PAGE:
Wednesday, March 4, 2020

BEAUTY SCIENCE: What's in Mascara

Mascara has been around since the 19th century, but even before that women have used various ingredients to try to make their lashes appear longer and fuller.   The Egyptians used kohl, and the Victorians mixed ashes with elderberry over a hot fire.  In 1872, petroleum jelly was first patented and ladies used this to make their lashes stand out.  It wasn't until 1917 that the first packaged mascara was created...a cake made from petroleum jelly and black coal dust.

In the 1930s, lash darkeners contained scary ingredients such as turpentine, lead-containing kohl, and aniline, a hair-dye ingredient, all of which left more than one woman blind. Now regulations strictly limit the ingredients to those that are safe to apply in the eye area, but you should be on the lookout for thimerosal, a preservative that can cause conjunctivitis and eyelid dermatitis (a rash). Thimerosal is still used in some mascaras. 

Your eyes are one of the most sensitive places to apply make-up.  They are much more vulnerable to bad ingredients and bacteria than the rest of your face.  When applying mascara, your wand may touch the mucus membranes of the eye and if bacteria is growing on the wand, you might end up with an eye infection or worse.  To limit your exposure to these problems, it is important to discard mascaras about every three months.

Today's mascara's ingredients typically include a carbon black or iron oxide pigment to darken lashes; a polymer to form a film that coats lashes; a preservative; and thickening waxes or oils such as lanolin, mineral oil, paraffin, petrolatum, castor oil, carnauba wax, and candelilla wax.  Ingredients that some mascaras contain may be cause for concern, especially those with sensitive skin or allergies.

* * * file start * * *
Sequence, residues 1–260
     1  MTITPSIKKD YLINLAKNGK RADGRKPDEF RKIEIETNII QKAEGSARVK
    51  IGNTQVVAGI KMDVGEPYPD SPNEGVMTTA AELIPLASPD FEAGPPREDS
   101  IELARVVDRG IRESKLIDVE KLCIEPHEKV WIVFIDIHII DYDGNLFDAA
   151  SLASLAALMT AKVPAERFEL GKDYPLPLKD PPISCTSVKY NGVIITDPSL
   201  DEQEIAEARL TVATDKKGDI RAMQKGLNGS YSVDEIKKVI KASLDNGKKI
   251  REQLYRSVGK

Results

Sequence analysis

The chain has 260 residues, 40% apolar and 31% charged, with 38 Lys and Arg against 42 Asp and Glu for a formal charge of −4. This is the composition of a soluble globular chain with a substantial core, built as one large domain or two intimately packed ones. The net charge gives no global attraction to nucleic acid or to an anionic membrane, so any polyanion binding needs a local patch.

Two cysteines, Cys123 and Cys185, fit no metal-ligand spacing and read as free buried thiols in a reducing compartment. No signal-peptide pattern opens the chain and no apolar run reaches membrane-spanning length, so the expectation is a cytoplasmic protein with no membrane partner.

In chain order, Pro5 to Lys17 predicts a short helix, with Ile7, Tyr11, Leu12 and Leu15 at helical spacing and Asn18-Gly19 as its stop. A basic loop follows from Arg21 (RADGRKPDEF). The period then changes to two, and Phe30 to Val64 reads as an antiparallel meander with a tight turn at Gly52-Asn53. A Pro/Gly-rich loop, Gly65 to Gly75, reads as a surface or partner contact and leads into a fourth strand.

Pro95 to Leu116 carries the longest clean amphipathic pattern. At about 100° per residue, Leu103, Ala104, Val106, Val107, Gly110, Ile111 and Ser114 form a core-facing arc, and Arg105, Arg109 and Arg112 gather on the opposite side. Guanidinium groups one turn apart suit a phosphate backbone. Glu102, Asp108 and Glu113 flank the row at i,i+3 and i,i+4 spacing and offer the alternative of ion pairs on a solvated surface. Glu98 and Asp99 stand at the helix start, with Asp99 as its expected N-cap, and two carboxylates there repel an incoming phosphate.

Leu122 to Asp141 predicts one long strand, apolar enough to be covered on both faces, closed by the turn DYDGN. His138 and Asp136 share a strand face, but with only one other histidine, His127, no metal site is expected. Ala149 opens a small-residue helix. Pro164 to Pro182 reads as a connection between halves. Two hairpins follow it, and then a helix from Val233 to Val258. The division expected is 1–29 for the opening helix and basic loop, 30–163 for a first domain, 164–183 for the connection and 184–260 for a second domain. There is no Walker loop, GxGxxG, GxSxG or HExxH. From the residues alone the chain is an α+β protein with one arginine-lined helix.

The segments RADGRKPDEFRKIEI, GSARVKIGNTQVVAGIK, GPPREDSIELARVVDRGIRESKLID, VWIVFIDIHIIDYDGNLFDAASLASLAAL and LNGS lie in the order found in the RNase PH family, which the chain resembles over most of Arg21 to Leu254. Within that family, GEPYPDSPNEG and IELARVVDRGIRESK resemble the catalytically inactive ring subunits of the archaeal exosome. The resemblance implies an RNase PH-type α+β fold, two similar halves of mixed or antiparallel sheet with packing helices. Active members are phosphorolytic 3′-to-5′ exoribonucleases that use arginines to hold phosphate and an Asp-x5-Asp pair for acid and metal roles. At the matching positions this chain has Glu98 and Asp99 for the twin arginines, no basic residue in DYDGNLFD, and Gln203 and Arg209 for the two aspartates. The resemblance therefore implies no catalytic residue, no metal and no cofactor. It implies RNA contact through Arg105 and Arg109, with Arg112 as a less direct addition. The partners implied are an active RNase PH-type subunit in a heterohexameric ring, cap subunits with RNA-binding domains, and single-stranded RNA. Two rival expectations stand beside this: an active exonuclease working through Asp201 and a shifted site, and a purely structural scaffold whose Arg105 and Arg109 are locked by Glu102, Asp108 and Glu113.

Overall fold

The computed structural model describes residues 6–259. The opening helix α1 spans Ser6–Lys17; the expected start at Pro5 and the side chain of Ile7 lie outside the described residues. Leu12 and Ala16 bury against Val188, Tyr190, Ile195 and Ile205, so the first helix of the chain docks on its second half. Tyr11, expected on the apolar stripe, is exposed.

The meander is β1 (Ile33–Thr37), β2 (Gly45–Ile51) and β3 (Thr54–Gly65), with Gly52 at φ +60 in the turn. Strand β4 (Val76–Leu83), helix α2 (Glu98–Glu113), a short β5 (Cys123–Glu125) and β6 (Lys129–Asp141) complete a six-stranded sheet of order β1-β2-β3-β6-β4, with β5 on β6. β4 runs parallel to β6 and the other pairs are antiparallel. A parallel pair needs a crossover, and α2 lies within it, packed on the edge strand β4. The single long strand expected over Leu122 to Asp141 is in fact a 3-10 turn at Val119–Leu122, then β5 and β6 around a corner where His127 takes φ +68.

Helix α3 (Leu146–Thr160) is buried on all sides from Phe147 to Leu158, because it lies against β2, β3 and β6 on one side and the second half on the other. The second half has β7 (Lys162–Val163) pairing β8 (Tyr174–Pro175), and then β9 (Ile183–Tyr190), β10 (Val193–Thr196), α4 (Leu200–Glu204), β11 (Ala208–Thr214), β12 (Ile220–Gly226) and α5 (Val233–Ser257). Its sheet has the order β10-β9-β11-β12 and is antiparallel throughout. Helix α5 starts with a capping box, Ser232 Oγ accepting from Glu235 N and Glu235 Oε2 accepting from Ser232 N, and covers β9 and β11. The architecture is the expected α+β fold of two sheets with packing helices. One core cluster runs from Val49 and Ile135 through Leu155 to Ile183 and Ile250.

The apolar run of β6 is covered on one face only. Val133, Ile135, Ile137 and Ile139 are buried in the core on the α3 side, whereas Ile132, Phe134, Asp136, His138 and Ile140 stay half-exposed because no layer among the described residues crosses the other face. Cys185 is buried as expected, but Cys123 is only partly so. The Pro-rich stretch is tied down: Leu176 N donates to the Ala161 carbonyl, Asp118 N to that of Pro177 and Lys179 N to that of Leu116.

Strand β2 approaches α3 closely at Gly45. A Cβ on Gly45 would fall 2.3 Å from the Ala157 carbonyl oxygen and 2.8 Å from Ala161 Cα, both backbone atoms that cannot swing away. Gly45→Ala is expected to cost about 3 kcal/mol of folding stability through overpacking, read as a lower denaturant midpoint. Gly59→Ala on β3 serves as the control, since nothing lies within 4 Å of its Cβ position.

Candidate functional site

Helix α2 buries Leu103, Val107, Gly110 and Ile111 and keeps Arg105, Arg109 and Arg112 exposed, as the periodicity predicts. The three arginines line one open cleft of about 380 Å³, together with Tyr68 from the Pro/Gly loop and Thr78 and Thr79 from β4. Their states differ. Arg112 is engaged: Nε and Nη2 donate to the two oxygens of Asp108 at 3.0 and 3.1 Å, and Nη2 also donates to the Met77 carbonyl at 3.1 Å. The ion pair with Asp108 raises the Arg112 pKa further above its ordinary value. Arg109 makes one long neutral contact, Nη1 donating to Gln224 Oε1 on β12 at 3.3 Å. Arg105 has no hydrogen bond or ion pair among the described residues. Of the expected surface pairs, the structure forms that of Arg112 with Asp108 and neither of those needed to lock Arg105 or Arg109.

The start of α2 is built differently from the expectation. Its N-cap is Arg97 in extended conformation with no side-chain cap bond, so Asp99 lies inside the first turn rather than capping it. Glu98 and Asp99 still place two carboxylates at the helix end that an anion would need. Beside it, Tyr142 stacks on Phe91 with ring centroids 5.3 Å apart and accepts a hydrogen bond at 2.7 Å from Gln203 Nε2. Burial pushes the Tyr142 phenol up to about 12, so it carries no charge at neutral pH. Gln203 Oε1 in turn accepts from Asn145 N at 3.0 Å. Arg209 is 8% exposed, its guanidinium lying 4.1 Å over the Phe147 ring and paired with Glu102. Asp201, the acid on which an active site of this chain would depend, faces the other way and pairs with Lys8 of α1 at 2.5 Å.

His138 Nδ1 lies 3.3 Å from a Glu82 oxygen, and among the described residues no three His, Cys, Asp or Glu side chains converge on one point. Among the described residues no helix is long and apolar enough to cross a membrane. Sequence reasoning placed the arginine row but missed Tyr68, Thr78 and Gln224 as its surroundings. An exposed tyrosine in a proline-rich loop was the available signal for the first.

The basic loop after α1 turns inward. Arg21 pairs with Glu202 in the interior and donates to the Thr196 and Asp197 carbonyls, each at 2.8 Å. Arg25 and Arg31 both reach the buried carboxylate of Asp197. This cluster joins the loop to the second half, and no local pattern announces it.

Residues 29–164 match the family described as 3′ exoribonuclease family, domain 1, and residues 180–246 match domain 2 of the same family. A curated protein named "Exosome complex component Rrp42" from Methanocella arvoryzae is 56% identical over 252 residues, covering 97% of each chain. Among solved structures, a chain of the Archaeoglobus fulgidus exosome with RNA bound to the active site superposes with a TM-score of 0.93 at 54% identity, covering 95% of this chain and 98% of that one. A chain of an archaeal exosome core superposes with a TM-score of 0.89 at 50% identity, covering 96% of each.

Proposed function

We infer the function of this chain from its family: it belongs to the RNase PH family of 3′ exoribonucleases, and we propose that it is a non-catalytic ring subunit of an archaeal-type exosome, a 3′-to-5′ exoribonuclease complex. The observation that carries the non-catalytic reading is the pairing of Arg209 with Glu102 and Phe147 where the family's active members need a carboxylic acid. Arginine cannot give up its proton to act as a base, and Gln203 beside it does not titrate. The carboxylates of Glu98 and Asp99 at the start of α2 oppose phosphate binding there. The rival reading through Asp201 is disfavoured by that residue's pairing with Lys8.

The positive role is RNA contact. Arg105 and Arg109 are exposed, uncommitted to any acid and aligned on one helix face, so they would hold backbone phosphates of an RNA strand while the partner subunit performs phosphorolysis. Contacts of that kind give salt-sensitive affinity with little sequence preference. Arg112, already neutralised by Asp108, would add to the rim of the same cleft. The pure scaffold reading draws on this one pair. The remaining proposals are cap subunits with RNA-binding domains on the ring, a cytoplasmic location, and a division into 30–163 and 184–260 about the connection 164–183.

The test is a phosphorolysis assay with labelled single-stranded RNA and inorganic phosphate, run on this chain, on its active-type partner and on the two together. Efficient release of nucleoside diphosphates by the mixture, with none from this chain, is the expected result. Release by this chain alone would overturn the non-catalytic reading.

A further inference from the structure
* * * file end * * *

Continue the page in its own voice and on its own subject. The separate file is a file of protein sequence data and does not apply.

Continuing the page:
• Parabens are used to prevent bacteria from growing in the product, but we all know these can be endocrine disrupters.
  • Aluminum Powder, used as a colorant, is a neurotoxin considered worse than mercury.  It can interfere with a variety of cellular and metabolic processes in the nervous system (study published in the journal of Pediatrics).
  • Retinyl Acetate  (Vitamin A Acetate) can cause biochemical or cellular level changes.  The FDA does have guidelines for use of this ingredient, it is prohibited or restricted in most countries.
Now we have formulas with no water. These are the waterproof ones that are less likely to smudge or flake. But they can be difficult to remove. Emulsions of water and oil are easier on lashes but may flake or smudge.   To find out if your mascara will flake or run, check how much water it contains. The lower water is on the ingredients list, the less likely you'll get smeared.   However, most beauty experts suggest you limit your use of waterproof, smudge proof formulas made with little to no water. The extra effort needed to remove these products can damage lashes, causing them to break or fall out.

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